General Fracture Information in Dogs
Diagnostic tests, which may be needed to recognize or treat fractures, include: Complete medical history and physical examination Because of the abnormal movement that occurs in a limb at the fracture site, the diagnosis of a long bone fracture is usually very obvious. Your veterinarian will initially want to ignore the obvious fracture and evaluate your dog for other injuries. Some injuries (particularly those of the chest and spine) necessitate prolonged evaluation before any surgery is done. Thoracic radiographs (chest X-rays) are important in animals that sustain trauma. Potentially life-threatening pulmonary contusions (lung bruising) or pneumothorax (free air in the chest space from a small lung rupture) is frequently encountered in patients who have been involved with automobile accidents or other trauma. Many times patients suffering from pelvic fractures also have injury to the urogenital system. Abdominal radiographs (X-rays) or special studies involving the injection of dye or contrast material may be necessary to evaluate the kidneys, ureters and bladder fully. Blood tests may detect the presence of anemia or other problems related to shock. Blood gas and electrolyte tests enable your veterinarian to evaluate the metabolic status of your pet. Biochemical profiles look at the function of major organs, such as the liver and kidneys. These tests are helpful in assessing whether a patient is an acceptable risk to undergo anesthesia for definitive fracture repair. A Robert Jones-type padded bandage or a splint represents excellent methods to temporarily stabilize fractures of the radius/ulna (front leg) or the tibia (lower, back leg). This type of device can be used to prevent excessive motion at the fracture site while the patient is stabilized prior to definitive surgical repair. The “bulky” nature of this type of “pillow splint” provides support to these fractures and the damaged soft tissues around. It is important to realize that there may be more than one acceptable method for repairing a specific fracture. Often the experience of the surgeon determines the specific fracture repair.
A comminuted fracture is defined as one that has more than two major fracture fragments. These fractures are inherently unstable. Fractures involving a joint require specific repair methods that allow early motion in the affected joint. Forces act at fracture sites needing stabilization and occur in the direction of the bone, perpendicular to the bone (bending or shear) or around the bone (rotational or torsional).
Many factors come into play when deciding definitive fracture repair. The type of repair undertaken must stabilize distracting forces. Fractures that are inherently stable (such as a simple fibular fracture) may just require stabilization with a cast or splint. Using pins and wires is another method of stabilizaton. To provide additional support, a supplemental external skeletal fixator (ESF) can provide additional axial and rotational stability. Besides placing a pin internally within the marrow cavity, pins are placed through the skin and into the bone fragments. The pins are attached with a series of clamps and connecting bars to provide stability that is more rigid. Veterinarians have used bone plates and screws for the past 30 years. Plates and bone screws generally provide superior rigid stability to fractures but, many times, this is at the expense of the regional blood supply. Extensive dissection of the bone fragments is often necessary to achieve proper fixation. In recent years the trend among veterinary orthopedic surgeons is to dissect less tissue and provide an environment for “biologic fixation.” Many times fractures are fixed in a closed manner with an ESF as the definitive method of fixation. Generally, only minimal tissue dissection is required with these techniques. More recently, the use of interlocking nails has been used in veterinary orthopedic surgery. This technique employs a large intramedullary (within the bone cavity) “pin” that is modified to accept locking screws through the bone and nail both above and below the fracture. This provides very secure fixation with minimal tissue invasion.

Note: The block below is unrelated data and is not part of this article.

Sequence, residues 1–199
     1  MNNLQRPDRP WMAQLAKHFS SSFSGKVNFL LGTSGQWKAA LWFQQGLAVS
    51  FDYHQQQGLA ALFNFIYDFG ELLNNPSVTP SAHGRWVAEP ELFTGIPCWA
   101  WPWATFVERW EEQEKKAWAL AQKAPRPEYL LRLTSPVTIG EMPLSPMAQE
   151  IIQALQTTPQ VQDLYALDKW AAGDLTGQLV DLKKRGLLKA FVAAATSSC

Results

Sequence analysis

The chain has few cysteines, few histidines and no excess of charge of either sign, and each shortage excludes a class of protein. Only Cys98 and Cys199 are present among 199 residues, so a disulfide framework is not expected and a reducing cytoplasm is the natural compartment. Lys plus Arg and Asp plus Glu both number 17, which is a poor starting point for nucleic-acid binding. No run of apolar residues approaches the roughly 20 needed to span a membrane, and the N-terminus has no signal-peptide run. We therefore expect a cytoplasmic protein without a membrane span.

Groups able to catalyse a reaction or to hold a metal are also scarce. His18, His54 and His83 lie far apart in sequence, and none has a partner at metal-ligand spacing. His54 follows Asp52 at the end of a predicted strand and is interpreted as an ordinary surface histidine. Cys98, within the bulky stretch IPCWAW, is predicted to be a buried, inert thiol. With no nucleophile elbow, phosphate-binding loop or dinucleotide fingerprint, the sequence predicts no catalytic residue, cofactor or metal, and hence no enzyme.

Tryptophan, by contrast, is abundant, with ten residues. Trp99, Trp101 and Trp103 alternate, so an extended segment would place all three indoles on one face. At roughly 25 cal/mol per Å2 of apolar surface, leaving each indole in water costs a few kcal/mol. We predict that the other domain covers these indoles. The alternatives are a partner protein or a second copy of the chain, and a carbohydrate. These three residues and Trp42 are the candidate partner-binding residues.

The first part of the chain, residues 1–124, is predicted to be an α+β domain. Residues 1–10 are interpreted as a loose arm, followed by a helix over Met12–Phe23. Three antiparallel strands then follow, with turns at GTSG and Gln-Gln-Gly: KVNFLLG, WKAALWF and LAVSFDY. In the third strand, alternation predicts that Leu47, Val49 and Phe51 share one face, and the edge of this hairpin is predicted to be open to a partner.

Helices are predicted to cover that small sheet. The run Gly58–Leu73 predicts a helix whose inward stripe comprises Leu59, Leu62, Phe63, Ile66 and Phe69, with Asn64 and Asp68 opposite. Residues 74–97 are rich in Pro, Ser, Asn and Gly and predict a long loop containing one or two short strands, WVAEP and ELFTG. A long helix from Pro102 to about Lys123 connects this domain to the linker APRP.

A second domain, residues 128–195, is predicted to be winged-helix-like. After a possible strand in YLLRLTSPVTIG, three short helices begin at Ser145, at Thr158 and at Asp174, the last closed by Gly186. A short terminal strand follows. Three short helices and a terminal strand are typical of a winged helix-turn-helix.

Follow-up Care for Dogs with Fractures
It is very important to follow your veterinarian’s instructions concerning postoperative care. In most instances, restriction to a leash when outside is required for the first 4 to 6 weeks postoperatively. Make sure all your questions are answered before leaving the hospital with your pet.
If your pet has had surgery performed, pay particular attention to the incision looking for excessive redness, swelling or discharge. Be sure to alert your veterinarian if any of these conditions occur.
Follow your veterinarian’s directions for follow up examinations. Radiographs (X-rays) are usually taken at 4 to 6 week intervals, until the bone is healed.
Physical therapy may be helpful in the early rehabilitative process and your veterinarian should provide explicit instructions. Your veterinarian may have “prescribed” a certain amount of physical therapy following fracture repair. Many times the success or failure of a specific fracture is dependent on the type of aftercare provided.